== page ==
Pre­miers, PM head to tough first min­is­ters meet­ing

The Prince George Citizen - - Local - Joan BRYDEN, Giuseppe VALIANTE

MON­TREAL — Pre­miers ar­rived Thurs­day for a first min­is­ters’ meet­ing still grum­bling about the agenda set by Prime Min­is­ter Justin Trudeau, with one – On­tario’s Doug Ford – threat­en­ing to walk out if the pro­gram isn’t ex­panded to re­flect a host of pro­vin­cial pri­or­i­ties.

The tone as they pre­pared to dine pri­vately with Trudeau on Thurs­day evening un­der­scored the ten­sions that seem likely to turn Fri­day’s meet­ing into the most ac­ri­mo­nious first min­is­ters’ gath­er­ing in years.

Sources close to Ford said he’s pre­pared to walk away from the meet­ing if it does not in­clude dis­cus­sion of the fed­eral car­bon tax, which On­tario is chal­leng­ing in court. And when he met Trudeau in per­son at a down­town ho­tel for a pre­lim­i­nary meet­ing Thurs­day, Ford went right at him.

“I’m glad to sit down with you, Justin, and talk about things that mat­ter to the peo­ple of On­tario,” he said, as the two sat stiffly in arm chairs sev­eral feet apart.

“I’ll tell you what mat­ters to the peo­ple of On­tario is the jobkilling car­bon tax.”

On­tario also wants to talk about find­ing new jobs for work­ers af­fected by Gen­eral Mo­tors’ plans to close a plant in Oshawa next year and “the il­le­gal bor­der-crossers that are cost­ing our prov­ince over $200 mil­lion,” Ford said.

Trudeau was gen­er­ous with Ford, at least overtly, even though fed­eral of­fi­cials pri­vately ex­pect the premier to do his level best to de­rail the meet­ing.

“It’s a plea­sure to wel­come Doug here to Que­bec, to Mon­treal, my home­town,” he said.

“This is an op­por­tu­nity for us to talk about the is­sues that mat­ter to On­tar­i­ans, to Cana­di­ans – eco­nomic growth, con­tin­u­ing to work hard to cre­ate good jobs for the mid­dle class, cre­at­ing op­por­tu­ni­ties for ev­ery­one.”

Trudeau has said he’ll dis­cuss any­thing the pre­miers want to talk about. But that has not quelled the crit­i­cism that the writ­ten agenda is too nar­rowly fo­cused on re­duc­tion of in­ter­provin­cial trade bar­ri­ers and gives too much time to pre­sen­ta­tions from sev­eral fed­eral min­is­ters.

Ford said he was look­ing for­ward to Fri­day’s meet­ing but, af­ter his tete-a-tete with Trudeau, he re­fused to an­swer re­porters’ ques­tions about whether walk­ing away from the ta­ble is still an op­tion. A spokes­woman for the premier, Ivana Yelich, said,

“We re­main hope­ful the prime min­is­ter will see fit to re­flect the con­cerns of his pro­vin­cial part­ners.”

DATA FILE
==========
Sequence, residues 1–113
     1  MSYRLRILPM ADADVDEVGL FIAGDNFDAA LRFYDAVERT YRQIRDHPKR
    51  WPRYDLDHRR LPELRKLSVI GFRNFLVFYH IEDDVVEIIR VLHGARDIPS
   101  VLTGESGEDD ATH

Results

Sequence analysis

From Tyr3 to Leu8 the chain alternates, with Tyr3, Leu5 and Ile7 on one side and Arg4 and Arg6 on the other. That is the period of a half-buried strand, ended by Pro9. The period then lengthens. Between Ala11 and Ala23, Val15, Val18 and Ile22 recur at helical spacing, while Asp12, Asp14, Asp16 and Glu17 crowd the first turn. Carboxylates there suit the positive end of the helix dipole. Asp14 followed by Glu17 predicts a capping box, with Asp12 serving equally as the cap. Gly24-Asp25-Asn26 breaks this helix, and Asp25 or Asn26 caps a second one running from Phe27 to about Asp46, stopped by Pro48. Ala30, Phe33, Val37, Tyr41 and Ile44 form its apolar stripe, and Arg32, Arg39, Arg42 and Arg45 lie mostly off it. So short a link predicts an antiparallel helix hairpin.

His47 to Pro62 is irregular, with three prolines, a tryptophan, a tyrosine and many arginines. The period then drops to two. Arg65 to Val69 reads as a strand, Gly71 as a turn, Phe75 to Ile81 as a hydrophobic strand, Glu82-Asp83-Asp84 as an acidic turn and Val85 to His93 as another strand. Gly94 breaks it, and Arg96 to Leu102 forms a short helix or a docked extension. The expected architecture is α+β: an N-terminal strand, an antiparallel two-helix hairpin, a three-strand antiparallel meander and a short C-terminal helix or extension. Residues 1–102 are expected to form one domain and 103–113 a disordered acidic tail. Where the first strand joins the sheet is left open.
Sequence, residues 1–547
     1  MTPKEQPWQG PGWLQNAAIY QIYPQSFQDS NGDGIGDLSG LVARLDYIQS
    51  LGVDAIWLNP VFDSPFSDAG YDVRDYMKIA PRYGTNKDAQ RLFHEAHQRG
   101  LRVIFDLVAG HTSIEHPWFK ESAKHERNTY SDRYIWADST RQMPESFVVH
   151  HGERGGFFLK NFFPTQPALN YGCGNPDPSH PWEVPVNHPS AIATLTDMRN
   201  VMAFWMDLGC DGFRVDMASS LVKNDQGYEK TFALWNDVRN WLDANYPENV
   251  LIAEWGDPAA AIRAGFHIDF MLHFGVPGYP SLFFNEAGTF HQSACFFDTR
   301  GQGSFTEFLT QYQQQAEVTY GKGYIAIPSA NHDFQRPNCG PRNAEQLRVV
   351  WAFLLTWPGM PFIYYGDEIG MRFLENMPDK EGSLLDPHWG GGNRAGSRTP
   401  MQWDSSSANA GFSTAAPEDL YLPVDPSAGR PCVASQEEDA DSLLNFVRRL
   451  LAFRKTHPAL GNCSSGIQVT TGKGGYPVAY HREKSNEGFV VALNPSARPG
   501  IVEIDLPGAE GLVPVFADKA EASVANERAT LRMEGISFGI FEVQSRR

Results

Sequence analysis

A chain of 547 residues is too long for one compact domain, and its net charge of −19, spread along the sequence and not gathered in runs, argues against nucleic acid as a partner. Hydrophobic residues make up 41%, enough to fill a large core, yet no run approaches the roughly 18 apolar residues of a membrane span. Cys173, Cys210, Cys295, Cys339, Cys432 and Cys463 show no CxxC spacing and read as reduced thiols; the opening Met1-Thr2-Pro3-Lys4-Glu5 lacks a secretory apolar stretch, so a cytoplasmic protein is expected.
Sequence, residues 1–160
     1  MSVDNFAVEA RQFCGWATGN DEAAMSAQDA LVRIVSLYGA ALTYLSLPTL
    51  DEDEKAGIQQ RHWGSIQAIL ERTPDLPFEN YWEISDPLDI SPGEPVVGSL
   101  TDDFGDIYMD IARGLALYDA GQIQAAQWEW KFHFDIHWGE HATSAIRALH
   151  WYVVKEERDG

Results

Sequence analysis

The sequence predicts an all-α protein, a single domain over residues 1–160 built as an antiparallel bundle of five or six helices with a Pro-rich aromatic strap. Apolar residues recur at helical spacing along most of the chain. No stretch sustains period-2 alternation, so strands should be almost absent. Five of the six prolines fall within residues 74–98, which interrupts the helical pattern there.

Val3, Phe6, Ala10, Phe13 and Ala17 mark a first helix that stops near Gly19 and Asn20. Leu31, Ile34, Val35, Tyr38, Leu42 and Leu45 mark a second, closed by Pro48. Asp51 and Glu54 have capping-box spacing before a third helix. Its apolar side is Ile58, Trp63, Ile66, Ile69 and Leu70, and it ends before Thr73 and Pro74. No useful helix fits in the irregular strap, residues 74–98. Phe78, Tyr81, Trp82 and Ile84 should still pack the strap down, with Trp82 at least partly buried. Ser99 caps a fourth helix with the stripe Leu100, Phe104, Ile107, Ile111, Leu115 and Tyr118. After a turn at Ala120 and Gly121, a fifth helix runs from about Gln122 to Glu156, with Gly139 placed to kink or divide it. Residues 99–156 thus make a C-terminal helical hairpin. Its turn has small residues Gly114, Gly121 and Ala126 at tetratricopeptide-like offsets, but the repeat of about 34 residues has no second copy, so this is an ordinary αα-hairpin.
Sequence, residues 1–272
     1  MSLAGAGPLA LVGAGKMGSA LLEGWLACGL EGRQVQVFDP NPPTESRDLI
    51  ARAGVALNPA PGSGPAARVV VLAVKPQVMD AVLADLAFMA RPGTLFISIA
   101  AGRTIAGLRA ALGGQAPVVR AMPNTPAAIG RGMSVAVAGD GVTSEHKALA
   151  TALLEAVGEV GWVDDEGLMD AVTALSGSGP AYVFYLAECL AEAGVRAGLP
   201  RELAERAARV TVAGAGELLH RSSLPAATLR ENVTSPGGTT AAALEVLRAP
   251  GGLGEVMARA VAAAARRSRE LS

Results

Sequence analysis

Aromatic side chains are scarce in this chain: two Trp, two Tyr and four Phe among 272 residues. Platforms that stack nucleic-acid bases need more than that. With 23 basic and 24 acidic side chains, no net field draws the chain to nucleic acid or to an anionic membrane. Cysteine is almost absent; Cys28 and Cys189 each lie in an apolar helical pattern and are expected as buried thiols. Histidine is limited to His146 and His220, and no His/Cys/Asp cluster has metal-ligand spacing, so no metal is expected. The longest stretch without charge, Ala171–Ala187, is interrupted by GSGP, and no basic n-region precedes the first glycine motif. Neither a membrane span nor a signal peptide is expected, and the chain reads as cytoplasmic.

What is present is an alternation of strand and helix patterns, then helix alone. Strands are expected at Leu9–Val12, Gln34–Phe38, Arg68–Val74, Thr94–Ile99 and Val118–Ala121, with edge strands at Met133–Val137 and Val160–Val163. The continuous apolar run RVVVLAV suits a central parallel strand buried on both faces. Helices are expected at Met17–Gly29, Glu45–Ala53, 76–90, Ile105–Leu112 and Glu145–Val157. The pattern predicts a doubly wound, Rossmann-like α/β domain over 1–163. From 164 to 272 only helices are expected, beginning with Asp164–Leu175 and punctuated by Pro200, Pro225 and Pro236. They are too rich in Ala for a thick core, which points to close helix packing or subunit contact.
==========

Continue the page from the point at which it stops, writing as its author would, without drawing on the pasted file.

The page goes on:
Ford later sat down with two of his con­ser­va­tive, anti-car­bon tax al­lies – Saskatchewan’s Scott Moe and New Brunswick’s Blaine Higgs. All three con­tin­ued to crit­i­cize Trudeau’s agenda.

“We don’t need to be lec­tured by his min­is­ters, we need to talk about things that mat­ter for peo­ple in each of our provinces,” said Ford.

Moe and Al­berta Premier Rachel Not­ley are push­ing hard for the oil price cri­sis to be given prime time dur­ing the meet­ing. On that score, Not­ley pre­dicted she’ll have plenty of al­lies in the room.

“There is re­ally no prov­ince in the coun­try that doesn’t owe Al­berta to some de­gree for their schools, their hos­pi­tals, their roads. The fact of the mat­ter is Al­berta has to do well for Canada to do well,” Not­ley said be­fore leav­ing Ed­mon­ton.

She noted that fore­casts for Canada’s eco­nomic growth are al­ready more muted be­cause of the low price Al­berta is get­ting for its oil in the United States and its in­abil­ity to move its prod­uct to ports for ship­ment over­seas.

Not­ley also said she doesn’t want to spend time lis­ten­ing to what the fed­eral gov­ern­ment says it is al­ready do­ing to try to ad­dress Al­berta’s con­cerns.

“It just doesn’t make sense... talk­ing about things that have al­ready hap­pened,” she said.

“We don’t need fed­eral min­is­ters to ex­plain to us what they’ve al­ready done. We’re all ca­pa­ble of read­ing their press re­leases.”

Moe said he also wants to talk about his de­mand that the feds re­peal Bill C-69, leg­is­la­tion to re­write the rules for en­vi­ron­men­tal as­sess­ments of en­ergy projects, which is cur­rently stalled in the Se­nate. Crit­ics, in­clud­ing Moe, main­tain the bill would cre­ate reg­u­la­tory hur­dles that will scare off in­vest­ment in en­ergy projects, par­tic­u­larly pipe­lines.

“To­mor­row will be a test to see if our prime min­is­ter is lis­ten­ing to work­ing peo­ple across the na­tion,” he said.

Fed­eral of­fi­cials have pri­vately con­ceded that lit­tle head­way is likely to be made on the of­fi­cial ob­jec­tive of the meet­ing: knock­ing down bar­ri­ers to trade be­tween provinces.


Bill and Jon Rus­sell mount a pro­jec­tor on a light­ing bar in prepa­ra­tion for a hol­i­day fam­ily tra­di­tion of Judy Rus­sell Presents: Charles Dick­ens’ A Christ­mas Carol, adapted by Anna Rus­sell. The pro­duc­tion at the Prince Ge­orge Play­house from Dec. 13 through Dec. 22.


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